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Libby Drops Appeal of CIA Leak Case Conviction

A former top White House official is no longer appealing his conviction in a case involving the leak of a CIA agent's identity.

Lewis "Scooter" Libby, a former chief of staff to Vice President Dick Cheney, was convicted and sentenced to two-and-a-half years in prison for perjury and obstruction of justice in the investigation into the leaking of the identity of Valerie Plame. President Bush later commuted his prison sentence.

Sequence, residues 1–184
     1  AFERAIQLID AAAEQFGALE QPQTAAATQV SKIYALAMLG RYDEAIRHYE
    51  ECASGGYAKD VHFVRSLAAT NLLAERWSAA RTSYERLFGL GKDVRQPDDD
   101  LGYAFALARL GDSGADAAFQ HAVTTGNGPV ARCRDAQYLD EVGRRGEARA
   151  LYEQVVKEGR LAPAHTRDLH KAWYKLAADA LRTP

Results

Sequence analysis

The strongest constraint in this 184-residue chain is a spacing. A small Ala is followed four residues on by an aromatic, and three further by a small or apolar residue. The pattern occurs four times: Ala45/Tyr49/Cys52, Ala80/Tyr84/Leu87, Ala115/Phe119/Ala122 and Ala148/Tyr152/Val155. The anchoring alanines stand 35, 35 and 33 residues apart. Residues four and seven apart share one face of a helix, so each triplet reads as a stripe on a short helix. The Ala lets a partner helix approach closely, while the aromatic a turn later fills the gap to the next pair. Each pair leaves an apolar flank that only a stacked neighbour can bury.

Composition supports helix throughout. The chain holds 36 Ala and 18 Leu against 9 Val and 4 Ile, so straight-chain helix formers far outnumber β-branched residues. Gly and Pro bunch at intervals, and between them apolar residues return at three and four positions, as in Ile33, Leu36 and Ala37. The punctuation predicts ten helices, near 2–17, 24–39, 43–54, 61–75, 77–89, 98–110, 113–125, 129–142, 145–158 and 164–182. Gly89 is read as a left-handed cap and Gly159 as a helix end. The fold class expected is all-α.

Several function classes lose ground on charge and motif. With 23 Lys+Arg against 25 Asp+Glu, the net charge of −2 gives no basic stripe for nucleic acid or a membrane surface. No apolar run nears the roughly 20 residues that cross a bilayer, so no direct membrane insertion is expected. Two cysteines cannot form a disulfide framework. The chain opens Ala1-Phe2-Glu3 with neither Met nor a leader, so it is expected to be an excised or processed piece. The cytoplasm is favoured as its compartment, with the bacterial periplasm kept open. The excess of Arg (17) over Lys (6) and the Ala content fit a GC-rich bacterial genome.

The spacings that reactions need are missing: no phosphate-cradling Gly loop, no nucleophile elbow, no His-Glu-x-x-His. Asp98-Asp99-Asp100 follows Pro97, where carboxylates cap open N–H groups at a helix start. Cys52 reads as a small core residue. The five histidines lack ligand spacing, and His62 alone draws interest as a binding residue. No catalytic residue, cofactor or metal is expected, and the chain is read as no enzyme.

Attorney Theodore Wells announced Libby's decision to drop the appeal. The attorney said he remains "firmly convinced" of Libby's innocence. He said the burden on Libby and his family to continue to pursue "complete vindication" is too great to ask them to bear.

The outed CIA agent and her husband, former Ambassador Joseph Wilson, accuse the Bush administration of disclosing her identity to retaliate for Wilson's criticism of the administration.

Wilson had accused the Bush administration of manipulating intelligence to justify the Iraq war.

White House spokeswoman Dana Perino said Monday she had no comment or immediate presidential reaction about Libby's decision to drop his appeal.

Some information for this report was provided by AP and Reuters.